Washington: Rahul Dubey, an Indian-origin resident of Washington, is being hailed as a ‘hero’ on social media and was lauded on mainstream US media after he provided shelter to over 60 protesters during curfew on Monday to ensure they weren’t arrested.
Dubey, Senior Vice President (Innovation and Solutions) and CEO at AHIP (America’s Health Insurance Plans), has a 3-storey house on Swann Avenue.
A group of protesters was marching away from the White House, a site of intense protests over the death of George Floyd in Minneapolis, and were in his street when curfew began at 7 pm. They were surrounded by police personnel and risked being arrested. Reports said that was when Dubey frantically waved them into his house. He said the police chased a “human tsunami” as far as the entrance of his house.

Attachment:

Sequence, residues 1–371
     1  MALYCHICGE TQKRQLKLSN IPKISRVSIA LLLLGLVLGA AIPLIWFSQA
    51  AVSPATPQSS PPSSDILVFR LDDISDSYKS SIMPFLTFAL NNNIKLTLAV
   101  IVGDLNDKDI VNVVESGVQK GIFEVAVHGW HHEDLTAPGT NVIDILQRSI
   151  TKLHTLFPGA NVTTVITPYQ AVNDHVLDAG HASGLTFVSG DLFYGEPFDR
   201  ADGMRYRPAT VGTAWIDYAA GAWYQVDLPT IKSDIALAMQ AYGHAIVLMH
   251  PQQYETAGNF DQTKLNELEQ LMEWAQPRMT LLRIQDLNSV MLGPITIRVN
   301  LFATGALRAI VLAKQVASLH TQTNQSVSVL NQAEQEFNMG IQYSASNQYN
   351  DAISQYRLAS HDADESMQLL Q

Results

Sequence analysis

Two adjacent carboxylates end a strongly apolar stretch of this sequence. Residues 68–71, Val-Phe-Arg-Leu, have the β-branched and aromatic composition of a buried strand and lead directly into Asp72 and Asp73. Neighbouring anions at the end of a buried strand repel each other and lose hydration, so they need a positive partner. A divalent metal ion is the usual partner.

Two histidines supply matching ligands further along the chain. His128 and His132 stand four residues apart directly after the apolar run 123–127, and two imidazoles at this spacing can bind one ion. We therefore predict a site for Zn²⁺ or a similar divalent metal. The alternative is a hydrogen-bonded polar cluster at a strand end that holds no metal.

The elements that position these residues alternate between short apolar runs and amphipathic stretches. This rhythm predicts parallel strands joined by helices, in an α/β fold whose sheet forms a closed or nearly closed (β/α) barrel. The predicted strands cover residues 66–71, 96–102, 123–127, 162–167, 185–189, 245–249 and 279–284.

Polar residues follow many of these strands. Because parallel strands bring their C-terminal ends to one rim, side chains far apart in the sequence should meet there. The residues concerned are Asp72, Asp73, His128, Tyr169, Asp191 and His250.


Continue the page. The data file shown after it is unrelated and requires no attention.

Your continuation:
“Inside, pandemonium ensued as some of the screaming protesters hit by pepper spray sought relief for their eyes with milk and water. On the back patio, neighbors pitched in by handing milk over the fence,” an Associated Press report said.
A protester, who asked to be identified only as Meka, told CNN that the protest was peaceful and people were just trying to figure out what to do when curfew began.
“I guess someone gave an order, and they just started pushing us, spraying mace, trampling people, and then that’s when everybody started panicking,” the 22-year-old college student said.
While many praised Dubey for his actions, he said he didn’t think he had done “anything special.” India has a tradition of “Atithi devobhava”. Talking to a local media outlet, he said, “I know most people would’ve flung open that door.”
“I hope that my 13-year-old son grows up to be just as amazing as they are,”
Dubey said he was in awe of the protestors.
As reports of his generosity were shared, his name started trending on Twitter. There was praise from across the world and people have even stopped by the house to leave flowers and thank you cards.
In India, Congress leader Rahul Gandhi in a tweet thanked “Rahul Dubey for opening your heart and your home to the weak and the oppressed.”Read More